Doberman Pinscher or The Dobermann is a medium-large breed that was developed around 1890 by the German tax collector, Friedrich Louis Dobermann. This domestic breed was developed around the 1890s.
This is a breed with a powerful posture and alert intelligence. Doberman Pinscher is one of the most popular and loved dogs globally. They are extremely alert and fearless, which makes them one of the world’s finest protection dogs.
But, is this breed for everyone? Can you leave this medium-size dog with your child or to a feline? Read on and discover if this amazing breed is your right fit!
Real name: Doberman Pinscher
Other names: Doberman, Dobie
Breed type: Guard Dogs
Weight: Male 40-45 kg (88 to 99 pounds), female 32-35 kg (71 to 77 pounds)
Height: Male 68-72 cm (27 to 28 inches), female 63-68 (25 to 27 inches)
Lifespan: 9 – 12 years
Color: Black, red, blue, fawn
Coat: Short coat
Doberman Pinscher: History
Doberman Pinscher’s history is probably one of the most fascinating ones, and truth be told it goes with their appearance. Back in 1800’s Karl Friedrich Louis Dobermann was working as a tax collector in the city of Apolda, the German state of Thuringia. Although there are some disputes on Karl’s exact job description, it is known that he ran the Apolda dog pound.
Also, it is known that he wanted and needed a protection guard due to his jobs nature, and with so many different dog breed around him he got the idea to create a breed that would be ideal for protecting him, according to his standards. Working as a tax collector probably was dangerous back in the days. Therefore, he needed a breed that would show impressive stamina, strength, and intelligence.
Where Do Doberman Pinscher Come From?
The very first Doberman Pinschers, as they become known, were seen back in 1897, in Erfurt, Germany. Their creator, Karl Friedrich Louis Dobermann was born and based in Germany, so we can say with certainty that Doberman Pinschers are 100% German. Actually, three years after the breed was introduced to the world, the breed received official recognition as a German breed.
The official recognition happened in 1890’s when Otto Goeller, founded the National Doberman Pinscher Club. Otto was one of the earliest breeders and he is considered to have perfected the breed.
How Doberman Pinschers Were Bred?
Karl Dobermann kept local dog pound, where he had access to many stray dogs in the town. Once he decided to make a breed that will protect him, he actually knew what traits he exactly wanted in his ‘perfect protective’ breed. With so many different breeds around him in his everyday life, he had a first-hand opportunity to see what each breed is superb at. With a private local dog pound, he also had dogs to mix.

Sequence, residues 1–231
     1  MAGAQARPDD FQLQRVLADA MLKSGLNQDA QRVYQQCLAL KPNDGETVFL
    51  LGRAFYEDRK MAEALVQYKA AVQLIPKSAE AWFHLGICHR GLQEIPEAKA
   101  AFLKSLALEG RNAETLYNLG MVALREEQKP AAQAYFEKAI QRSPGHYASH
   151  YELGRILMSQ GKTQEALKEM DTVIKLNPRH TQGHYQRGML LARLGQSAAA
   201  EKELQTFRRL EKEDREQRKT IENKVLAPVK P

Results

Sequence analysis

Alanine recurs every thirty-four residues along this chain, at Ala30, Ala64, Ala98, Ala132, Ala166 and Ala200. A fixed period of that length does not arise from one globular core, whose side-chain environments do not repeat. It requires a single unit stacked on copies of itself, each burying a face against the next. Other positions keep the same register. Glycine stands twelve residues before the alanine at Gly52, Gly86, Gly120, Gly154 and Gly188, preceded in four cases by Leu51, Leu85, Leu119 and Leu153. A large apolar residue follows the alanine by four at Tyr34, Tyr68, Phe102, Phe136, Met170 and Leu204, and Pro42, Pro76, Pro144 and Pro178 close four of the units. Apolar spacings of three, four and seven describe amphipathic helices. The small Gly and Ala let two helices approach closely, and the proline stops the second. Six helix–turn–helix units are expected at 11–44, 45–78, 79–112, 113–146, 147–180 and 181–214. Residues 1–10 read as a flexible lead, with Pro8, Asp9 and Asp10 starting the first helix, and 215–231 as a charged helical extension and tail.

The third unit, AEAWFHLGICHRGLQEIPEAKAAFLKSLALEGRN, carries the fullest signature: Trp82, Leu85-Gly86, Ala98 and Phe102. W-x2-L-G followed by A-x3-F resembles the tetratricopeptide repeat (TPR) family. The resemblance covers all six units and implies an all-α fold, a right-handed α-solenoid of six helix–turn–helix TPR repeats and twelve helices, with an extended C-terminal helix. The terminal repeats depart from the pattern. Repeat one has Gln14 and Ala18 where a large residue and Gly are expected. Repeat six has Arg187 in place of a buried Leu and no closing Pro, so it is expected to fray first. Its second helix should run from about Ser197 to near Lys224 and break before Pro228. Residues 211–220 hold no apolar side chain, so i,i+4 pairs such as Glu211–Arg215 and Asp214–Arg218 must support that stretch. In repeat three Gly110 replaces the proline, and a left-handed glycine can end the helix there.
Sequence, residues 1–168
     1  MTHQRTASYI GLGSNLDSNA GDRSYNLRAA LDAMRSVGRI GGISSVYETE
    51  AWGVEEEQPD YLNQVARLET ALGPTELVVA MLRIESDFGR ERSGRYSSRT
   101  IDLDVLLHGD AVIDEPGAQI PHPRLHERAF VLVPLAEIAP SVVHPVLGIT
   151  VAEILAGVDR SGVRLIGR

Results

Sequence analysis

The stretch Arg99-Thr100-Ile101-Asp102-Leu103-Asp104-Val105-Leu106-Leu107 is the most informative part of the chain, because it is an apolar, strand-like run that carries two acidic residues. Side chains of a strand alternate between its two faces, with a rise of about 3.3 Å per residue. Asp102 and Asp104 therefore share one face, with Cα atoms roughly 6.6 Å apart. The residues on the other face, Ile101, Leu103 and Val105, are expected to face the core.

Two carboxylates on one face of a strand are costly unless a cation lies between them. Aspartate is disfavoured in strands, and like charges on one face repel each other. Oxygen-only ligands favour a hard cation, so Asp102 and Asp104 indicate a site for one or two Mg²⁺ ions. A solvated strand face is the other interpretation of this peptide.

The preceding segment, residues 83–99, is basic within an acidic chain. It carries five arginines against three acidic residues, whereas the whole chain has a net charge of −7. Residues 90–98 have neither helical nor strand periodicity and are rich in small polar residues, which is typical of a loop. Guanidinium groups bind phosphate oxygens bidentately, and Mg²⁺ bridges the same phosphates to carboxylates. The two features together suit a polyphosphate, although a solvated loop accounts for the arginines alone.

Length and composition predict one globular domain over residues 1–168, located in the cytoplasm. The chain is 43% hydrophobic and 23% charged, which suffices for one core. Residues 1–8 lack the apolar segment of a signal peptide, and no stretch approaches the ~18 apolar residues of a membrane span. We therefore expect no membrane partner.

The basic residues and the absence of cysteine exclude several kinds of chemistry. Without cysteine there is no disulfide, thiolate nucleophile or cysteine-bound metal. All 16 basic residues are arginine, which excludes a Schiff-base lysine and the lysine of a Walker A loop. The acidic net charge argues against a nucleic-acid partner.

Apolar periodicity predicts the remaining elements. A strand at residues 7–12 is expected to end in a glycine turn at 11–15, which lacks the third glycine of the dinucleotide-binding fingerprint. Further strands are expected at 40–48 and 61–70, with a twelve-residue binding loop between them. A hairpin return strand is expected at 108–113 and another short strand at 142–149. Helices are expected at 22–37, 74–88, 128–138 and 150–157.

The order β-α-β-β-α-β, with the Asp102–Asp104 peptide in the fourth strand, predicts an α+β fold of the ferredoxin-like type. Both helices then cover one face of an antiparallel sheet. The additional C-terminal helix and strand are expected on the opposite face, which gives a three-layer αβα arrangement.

Even today, no one knows for sure how many breeds Dobermann actually breed to get the Doberman that we know today, but we know for sure that he was mostly oriented toward medium-size dogs and large-dog breeds. Some of the breeds that were surely involved include German shepherd dog, Great Dane, Manchester terrier, English greyhound, German pinscher, and Rottweiler.
Initially, they were bred and used as guard dogs. With time, their role evolved from being guard dogs, to police and military dogs, to rescues dogs and lately perfect therapy dogs.
Which Dog Is Doberman Pinscher?
Karl Dobermann’s died in 1894 and in his honor the Germans named the breed Dobermann-pinscher. But, 50 years after that event they dropped the word ‘pinscher’ as a word that was no longer appropriate. A few years later the British did the same, naming the breed just ‘Dobermann’. Nowadays, the USA and Canada kept the ‘pincher’ in the breed’s name, while they have dropped second ‘n’ from Dobermann’s surname.
In Canada and the States, the official name of the breed is ‘Doberman Pinscher’. That’s the main reason for confusion when people talk about this breed, as they are not sure if they are talking about the same breed when they are discussing Doberman and a Doberman pinscher.
Doberman pinscher vs. Doberman
The only difference here lies in the fact that the name ‘Doberman’ is used in the States and a few other countries, while name makes no difference in the Doberman breeds. As a breed Doberman or Doberman Pinscher is a medium-size dog, with short hair and muscular structures.
Doberman Pinscher: Physical Appearance
Doberman Pinschers are muscular dogs that are compactly built. They have powerful standing between 24 to 28 inches at the shoulder. Their body is covered in a short coat of black, red, blue, or fawn, with rust markings.
Dobermans are medium-sized dogs with a square body. They are powerful and just a glance on their body tells that they are built for protection, speed, and great endurance. They have a reputation of being royalty in the canine kingdom, with their elegant traits and moves, combined with a noble wedge-shaped head and an easy, almost athletic way of moving. Simply said, their body shows their personality – being energetic, determines, alert, watchful, loyal, fearless and obedient.